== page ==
DURBAN - SOCIAL Development MEC Nonhlanhla Khoza said yesterday that the four women who were rescued from an alleged human trafficking syndicate last week were safe.
The police said that the women were lured from Johannesburg to Durban with the promise of a job opportunity. According to police, they were told they would be working at a call centre, but instead they were held captive in a luxurious Durban North house when they arrived last week on Tuesday, and told they would be doing sex work.
One of the women managed to call for help, and the police, led by provincial commissioner Lieutenant-General Nhlanhla Mkhwanazi, led an operation that resulted in the women being rescued on Wednesday.
A case docket for human trafficking charges was opened and handed over to the Hawks for further investigation.
Khoza said that the young women were safe in the hands of the police and the Department of Social Development.
“The women fell into a trap by people masquerading as prospective employers to lure young women into their dirty and shady business operation. The young women, aged 17 to 19, were lured from Johannesburg to Durban with the promise of a lucrative job opportunity.”
Khoza said social workers were speaking with the women while the police were dealing with the investigation.
“Once those processes are completed, the women will be reunited with their families.”
The MEC praised the police for their swift response in ensuring that the young women were rescued.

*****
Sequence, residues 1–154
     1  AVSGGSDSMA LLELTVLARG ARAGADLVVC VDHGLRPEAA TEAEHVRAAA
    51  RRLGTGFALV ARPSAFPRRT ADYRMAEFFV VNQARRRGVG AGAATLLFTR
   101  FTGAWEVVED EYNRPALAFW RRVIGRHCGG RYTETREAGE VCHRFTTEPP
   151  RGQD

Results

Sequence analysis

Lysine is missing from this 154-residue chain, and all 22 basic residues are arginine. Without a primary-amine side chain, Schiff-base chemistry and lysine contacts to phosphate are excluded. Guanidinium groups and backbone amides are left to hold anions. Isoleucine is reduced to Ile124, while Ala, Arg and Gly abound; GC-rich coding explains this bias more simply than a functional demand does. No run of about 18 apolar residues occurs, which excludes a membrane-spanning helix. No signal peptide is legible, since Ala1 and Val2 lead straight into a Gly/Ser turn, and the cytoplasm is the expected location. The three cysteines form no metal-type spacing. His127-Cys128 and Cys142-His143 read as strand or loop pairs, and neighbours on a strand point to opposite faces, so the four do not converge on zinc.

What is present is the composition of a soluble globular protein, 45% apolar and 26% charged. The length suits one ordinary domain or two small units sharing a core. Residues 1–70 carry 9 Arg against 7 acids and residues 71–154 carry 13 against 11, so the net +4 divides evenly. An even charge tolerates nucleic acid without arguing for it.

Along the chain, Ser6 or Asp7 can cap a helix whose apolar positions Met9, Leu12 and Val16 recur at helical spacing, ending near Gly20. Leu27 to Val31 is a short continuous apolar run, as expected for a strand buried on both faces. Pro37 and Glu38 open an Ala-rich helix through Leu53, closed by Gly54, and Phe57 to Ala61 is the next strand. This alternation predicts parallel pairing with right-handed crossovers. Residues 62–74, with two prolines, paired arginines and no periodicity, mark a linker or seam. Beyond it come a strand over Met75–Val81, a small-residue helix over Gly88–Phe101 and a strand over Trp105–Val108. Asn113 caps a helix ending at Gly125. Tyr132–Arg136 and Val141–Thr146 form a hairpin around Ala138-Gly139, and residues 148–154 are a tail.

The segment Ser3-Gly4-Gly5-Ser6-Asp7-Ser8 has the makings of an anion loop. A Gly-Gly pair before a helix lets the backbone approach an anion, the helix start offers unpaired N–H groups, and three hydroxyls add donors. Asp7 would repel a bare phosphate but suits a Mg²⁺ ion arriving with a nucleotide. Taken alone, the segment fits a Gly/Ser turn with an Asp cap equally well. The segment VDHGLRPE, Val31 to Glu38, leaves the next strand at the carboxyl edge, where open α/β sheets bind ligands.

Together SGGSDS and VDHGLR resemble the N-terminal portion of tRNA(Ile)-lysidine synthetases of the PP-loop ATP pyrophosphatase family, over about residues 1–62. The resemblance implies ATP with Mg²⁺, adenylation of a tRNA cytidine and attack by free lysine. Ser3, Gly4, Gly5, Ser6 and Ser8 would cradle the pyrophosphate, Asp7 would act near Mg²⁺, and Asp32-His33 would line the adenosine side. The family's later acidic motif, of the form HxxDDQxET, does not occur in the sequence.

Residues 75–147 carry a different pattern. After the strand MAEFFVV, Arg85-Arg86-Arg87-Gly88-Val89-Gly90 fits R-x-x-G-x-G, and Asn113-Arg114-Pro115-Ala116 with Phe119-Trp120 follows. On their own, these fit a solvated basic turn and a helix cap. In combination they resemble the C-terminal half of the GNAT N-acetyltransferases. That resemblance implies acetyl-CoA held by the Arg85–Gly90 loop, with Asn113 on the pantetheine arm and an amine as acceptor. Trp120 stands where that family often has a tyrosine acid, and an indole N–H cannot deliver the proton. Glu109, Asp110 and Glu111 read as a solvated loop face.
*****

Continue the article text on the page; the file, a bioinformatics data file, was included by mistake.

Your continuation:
“It is very painful to learn that criminals use the desperation of unsuspecting women to lure them from Johannesburg to Durban to be groomed as sex workers. However, our police officers quickly prevented that after receiving a tip-off.”
She added that the public needed to work with the government to stop human trafficking and the abuse of women and children in the province.
“Our country is regarded as a central hub for sex and human trafficking involving girls as young as 10 years old. However, we can change this by ensuring that all of us report any suspicious operations.”
A woman who is involved in the fight against human trafficking, who asked not to be named due to the nature of her work, said human trafficking was a problem and the public needed to be vigilant.
“Children are getting caught in human trafficking. We go to schools and are educating pupils and parents about the dangers of human trafficking.
“There are even dangers when posting pictures of children on social media with their school uniforms. When it comes to job interviews, thorough checks need to be conducted.
“It is dangerous to just go for an interview when you are not sure about the source of the job.”